Empowering innovation is easy if you know your ABCs
Last week we were featured on CMO.com. Check out our first article below and keep an eye on our Empowering Innovation series at CMO.com.
The future of business success lies in the hands of Millennials who have a better understanding of the modern world than our incumbent business leaders. Apparently.
According to research, Millennials embrace innovation and entrepreneurship, aspiring to run their own business rather than taking a CEO role at an established organisation (Bentley University 2014). But if Millennials are meant to be the generation that helps aged business to understand the future of digital innovation, then you could argue that they are probably too old to make a difference. Seriously. It would be better if your company was run by four to eight year olds.
Of course that’s a crass statement but stay with me. A person’s self-identity settles in late adolescence, typically around late teens and early 20’s, around the time when the brain shows signs of slowing down. As people get older they become subject matter experts, yet paradoxically they are less able to learn new information, partly due to their intrinsic motivation to be identified and distinguished among peers, and also because our brains are less able to take on new information due to a decrease in brain neuroplasticity. The net result is that we lose our insatiable urge to be curious and learn about the world, which is omnipresent in the behaviour of children.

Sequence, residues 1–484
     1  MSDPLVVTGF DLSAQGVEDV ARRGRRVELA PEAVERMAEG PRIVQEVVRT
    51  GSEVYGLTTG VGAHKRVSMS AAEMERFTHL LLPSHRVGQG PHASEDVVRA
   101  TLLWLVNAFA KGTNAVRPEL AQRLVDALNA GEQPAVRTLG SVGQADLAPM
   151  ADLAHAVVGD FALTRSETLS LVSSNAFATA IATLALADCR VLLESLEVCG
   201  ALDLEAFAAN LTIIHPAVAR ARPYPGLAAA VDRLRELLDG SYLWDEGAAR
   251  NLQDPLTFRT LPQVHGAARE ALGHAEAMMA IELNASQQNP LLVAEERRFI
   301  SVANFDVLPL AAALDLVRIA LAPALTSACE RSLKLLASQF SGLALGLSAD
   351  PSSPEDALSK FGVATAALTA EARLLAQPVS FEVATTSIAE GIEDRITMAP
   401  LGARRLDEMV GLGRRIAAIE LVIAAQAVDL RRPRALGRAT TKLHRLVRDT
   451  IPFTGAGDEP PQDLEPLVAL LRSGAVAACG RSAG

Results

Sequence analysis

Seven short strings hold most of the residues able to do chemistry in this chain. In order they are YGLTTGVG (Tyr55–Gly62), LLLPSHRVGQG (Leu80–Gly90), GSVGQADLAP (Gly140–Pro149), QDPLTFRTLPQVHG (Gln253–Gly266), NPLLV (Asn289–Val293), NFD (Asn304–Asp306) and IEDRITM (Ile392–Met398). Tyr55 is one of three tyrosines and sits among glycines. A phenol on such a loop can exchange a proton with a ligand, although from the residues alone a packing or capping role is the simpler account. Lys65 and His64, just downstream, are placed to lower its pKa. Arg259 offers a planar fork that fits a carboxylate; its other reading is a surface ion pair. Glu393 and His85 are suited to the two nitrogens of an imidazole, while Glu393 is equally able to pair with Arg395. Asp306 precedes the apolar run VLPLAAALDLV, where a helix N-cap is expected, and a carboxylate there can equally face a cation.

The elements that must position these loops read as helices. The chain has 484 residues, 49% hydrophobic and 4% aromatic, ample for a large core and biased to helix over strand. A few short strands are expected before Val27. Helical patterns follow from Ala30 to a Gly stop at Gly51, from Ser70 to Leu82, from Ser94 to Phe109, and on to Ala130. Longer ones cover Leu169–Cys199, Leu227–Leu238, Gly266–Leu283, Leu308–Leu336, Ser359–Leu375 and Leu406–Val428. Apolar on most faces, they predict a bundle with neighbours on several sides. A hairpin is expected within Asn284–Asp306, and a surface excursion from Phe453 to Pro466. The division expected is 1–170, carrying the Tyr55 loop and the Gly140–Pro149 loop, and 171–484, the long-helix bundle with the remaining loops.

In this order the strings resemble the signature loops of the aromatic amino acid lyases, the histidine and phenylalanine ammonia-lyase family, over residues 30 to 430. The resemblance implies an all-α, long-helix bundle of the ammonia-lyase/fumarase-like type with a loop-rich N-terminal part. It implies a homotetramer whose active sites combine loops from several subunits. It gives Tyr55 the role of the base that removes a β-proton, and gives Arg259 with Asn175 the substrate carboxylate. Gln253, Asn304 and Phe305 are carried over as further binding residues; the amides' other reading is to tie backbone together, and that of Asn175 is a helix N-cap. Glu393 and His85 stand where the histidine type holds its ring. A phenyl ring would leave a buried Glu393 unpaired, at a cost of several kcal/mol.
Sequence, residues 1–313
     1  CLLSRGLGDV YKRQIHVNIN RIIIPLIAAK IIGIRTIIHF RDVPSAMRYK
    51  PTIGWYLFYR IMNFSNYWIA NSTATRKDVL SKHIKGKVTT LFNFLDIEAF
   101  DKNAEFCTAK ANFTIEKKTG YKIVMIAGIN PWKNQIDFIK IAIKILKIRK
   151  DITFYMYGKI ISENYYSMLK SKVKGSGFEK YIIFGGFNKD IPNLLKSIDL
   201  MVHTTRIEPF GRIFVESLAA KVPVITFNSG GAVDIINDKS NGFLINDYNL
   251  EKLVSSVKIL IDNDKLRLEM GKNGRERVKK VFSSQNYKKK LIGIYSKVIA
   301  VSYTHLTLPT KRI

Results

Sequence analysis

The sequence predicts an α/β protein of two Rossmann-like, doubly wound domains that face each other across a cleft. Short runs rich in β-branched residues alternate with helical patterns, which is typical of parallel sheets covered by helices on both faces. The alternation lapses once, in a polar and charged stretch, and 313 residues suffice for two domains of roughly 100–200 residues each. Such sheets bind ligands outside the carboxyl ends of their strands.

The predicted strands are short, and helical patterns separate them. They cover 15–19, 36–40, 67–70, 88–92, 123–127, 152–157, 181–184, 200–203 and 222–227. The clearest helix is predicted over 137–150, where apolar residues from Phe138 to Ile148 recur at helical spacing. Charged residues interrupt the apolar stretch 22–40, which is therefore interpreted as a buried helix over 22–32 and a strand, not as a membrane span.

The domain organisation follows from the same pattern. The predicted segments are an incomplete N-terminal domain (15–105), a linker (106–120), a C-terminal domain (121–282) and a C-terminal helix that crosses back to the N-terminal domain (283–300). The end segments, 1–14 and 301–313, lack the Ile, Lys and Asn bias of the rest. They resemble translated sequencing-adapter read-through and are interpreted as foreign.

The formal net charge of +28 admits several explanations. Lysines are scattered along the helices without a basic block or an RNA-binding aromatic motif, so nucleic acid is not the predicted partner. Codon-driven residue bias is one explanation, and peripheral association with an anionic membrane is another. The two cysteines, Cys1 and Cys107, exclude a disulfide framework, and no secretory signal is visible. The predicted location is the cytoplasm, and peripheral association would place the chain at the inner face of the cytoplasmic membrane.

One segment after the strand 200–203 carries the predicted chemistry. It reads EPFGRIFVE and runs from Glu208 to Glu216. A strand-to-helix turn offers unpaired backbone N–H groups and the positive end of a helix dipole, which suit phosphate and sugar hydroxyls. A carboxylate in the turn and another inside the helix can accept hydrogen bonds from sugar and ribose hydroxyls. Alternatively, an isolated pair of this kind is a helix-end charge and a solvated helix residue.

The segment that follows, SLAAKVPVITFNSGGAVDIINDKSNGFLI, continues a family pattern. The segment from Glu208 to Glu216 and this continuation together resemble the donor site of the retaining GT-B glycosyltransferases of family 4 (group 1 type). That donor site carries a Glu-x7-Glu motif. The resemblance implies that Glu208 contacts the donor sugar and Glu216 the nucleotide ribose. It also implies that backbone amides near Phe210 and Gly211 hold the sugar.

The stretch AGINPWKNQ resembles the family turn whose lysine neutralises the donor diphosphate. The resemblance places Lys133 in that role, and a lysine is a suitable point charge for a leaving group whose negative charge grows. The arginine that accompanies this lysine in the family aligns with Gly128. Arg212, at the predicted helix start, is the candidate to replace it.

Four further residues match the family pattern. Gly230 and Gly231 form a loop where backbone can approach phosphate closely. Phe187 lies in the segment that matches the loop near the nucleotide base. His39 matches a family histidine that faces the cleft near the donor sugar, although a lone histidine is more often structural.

This slowing curiosity has a knock-on effect for our working lives. The Rare: Innovation Index, conducted in partnership with Manchester Metropolitan University in October 2015, showed only 46 per cent UK businesses surveyed looked outside their own category for inspiration. But the next big innovation is unlikely to come from an expert within your own category. Take FMCG. Some of the most ground-breaking food innovations didn’t come from FMCG brands–many of the most significant developments actually came from the US army. Instant coffee can be traced to wartime innovations in blood plasma transport, the McDonald’s McRib has origins in the military’s research into “fabricated modules of meat,” and the finger-staining dust on Cheetos can be traced back to a dehydrated, compressed “jungle” cheese invented by government scientists in 1943. By the way, we didn’t gain this category-specific insight from an FMCG publication, we took it from the 99% invisible podcast.
So what’s limiting our ability to take inspiration from places less familiar to us? Our research above suggests that it’s not that we are all too busy–only 24% of people claim that other business priorities are a significant barrier to innovation–so the answer could partly lie in our approach to learning as adults.